“Republicans have abrogated their responsibility to lead,” Glenn told the Denver Post this summer, “so now Republicans are expected to turn to Democrats for leadership, instead of laying out an agenda that Democrats also could agree with.”

Bennet, a laconic politician who had never won an election before 2010, has dismantled Glenn much the way Democrats had intended to dismantle Cruz had he become the nominee. Tracker video, and Glenn’s own interactions with the press, yielded “apologetic” quotes that were easy to weaponize.

“If you want an abortion, don’t ask me to pay for it,” Glenn said in a 2015 video that Democrats threw back at him in October. “That’s a gift from God. There are no exceptions with that.”

Glenn raised money – $2.8 million in the last quarter, $600,000 more than Bennet – but seemed to be running in a different universe. Bennet’s commercials have talked viewers through his battles to save Centers for Disease Control and Prevention facilities and to pass the farm bill. Glenn’s most striking spot shows the Air Force veteran and former powerlifter sweating through a workout and promising vaguely to change Washington.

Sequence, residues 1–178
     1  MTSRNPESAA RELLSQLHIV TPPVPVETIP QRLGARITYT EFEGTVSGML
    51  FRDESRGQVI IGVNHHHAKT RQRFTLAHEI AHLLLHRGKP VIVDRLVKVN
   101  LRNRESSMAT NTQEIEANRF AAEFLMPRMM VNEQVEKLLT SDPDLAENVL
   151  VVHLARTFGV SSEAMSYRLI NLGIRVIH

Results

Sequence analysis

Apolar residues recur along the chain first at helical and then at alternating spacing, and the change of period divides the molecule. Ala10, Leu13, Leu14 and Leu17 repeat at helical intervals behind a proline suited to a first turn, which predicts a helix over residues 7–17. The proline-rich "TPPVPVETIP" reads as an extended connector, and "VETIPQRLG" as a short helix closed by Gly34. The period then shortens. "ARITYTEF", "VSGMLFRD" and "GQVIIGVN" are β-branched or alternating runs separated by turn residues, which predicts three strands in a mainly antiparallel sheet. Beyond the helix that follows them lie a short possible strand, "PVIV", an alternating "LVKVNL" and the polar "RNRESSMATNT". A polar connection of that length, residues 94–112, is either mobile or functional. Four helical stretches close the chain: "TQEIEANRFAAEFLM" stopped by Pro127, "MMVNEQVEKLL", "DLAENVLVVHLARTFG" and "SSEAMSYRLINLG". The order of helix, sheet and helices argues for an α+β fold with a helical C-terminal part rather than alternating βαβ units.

But apart from Cruz’s visit – and a Friday campaign tour with Sen. Mike Lee, R-Utah, – Glenn’s race had faded from the national discussion. In the rest of his short conversation with reporters, Cruz got no questions about Glenn’s race. He did get one about Trump – specifically, whether Trump would alienate female voters – and navigated around it.

“There have been no shortages of fireworks in this election cycle, and that’s been unfortunate,” said Cruz. “I’m doing everything I can, down-ballot, to turn out conservatives.”